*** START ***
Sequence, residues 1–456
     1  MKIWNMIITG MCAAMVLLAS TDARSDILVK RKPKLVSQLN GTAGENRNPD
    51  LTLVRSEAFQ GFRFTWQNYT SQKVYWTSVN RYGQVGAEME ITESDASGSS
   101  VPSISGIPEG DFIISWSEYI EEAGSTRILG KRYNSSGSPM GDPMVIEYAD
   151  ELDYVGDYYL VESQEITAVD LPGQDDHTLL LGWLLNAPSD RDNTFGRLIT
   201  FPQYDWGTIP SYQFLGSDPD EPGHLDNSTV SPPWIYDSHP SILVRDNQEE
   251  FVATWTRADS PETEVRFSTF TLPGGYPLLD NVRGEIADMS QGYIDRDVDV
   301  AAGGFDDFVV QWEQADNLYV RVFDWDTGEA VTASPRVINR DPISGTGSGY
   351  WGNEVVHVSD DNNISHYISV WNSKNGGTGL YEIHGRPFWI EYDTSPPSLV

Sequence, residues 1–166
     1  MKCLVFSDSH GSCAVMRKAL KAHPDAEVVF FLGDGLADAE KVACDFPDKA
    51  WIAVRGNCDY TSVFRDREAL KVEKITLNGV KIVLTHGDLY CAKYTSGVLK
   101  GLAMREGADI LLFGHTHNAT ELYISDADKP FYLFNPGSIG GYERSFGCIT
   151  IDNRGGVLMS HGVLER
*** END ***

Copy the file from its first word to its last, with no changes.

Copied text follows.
Sequence, residues 1–456
     1  MKIWNMIITG MCAAMVLLAS TDARSDILVK RKPKLVSQLN GTAGENRNPD
    51  LTLVRSEAFQ GFRFTWQNYT SQKVYWTSVN RYGQVGAEME ITESDASGSS
   101  VPSISGIPEG DFIISWSEYI EEAGSTRILG KRYNSSGSPM GDPMVIEYAD
   151  ELDYVGDYYL VESQEITAVD LPGQDDHTLL LGWLLNAPSD RDNTFGRLIT
   201  FPQYDWGTIP SYQFLGSDPD EPGHLDNSTV SPPWIYDSHP SILVRDNQEE
   251  FVATWTRADS PETEVRFSTF TLPGGYPLLD NVRGEIADMS QGYIDRDVDV
   301  AAGGFDDFVV QWEQADNLYV RVFDWDTGEA VTASPRVINR DPISGTGSGY
   351  WGNEVVHVSD DNNISHYISV WNSKNGGTGL YEIHGRPFWI EYDTSPPSLV

Sequence, residues 1–166
     1  MKCLVFSDSH GSCAVMRKAL KAHPDAEVVF FLGDGLADAE KVACDFPDKA
    51  WIAVRGNCDY TSVFRDREAL KVEKITLNGV KIVLTHGDLY CAKYTSGVLK
   101  GLAMREGADI LLFGHTHNAT ELYISDADKP FYLFNPGSIG GYERSFGCIT
   151  IDNRGGVLMS HGVLER